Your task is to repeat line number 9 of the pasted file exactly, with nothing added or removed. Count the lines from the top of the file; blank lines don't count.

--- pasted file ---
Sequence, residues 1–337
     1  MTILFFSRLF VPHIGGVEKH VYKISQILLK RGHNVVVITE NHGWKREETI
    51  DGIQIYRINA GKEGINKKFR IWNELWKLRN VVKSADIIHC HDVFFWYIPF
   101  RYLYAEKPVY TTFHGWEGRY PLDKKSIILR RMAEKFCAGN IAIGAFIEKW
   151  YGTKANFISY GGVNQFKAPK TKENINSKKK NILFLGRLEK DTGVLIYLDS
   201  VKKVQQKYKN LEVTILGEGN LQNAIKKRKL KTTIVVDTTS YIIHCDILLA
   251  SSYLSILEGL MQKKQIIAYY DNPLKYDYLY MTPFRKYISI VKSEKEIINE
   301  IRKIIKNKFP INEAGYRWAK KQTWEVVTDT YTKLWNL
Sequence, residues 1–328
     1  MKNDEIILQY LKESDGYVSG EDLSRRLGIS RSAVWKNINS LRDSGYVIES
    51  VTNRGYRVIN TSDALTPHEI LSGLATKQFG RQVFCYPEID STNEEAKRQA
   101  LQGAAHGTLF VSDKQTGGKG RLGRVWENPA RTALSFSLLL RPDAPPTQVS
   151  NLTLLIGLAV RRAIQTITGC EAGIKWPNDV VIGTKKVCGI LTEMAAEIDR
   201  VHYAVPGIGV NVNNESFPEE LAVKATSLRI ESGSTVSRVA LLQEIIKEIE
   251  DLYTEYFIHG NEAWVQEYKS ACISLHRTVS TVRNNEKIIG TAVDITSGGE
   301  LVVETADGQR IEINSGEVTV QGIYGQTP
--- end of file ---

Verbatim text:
Sequence, residues 1–328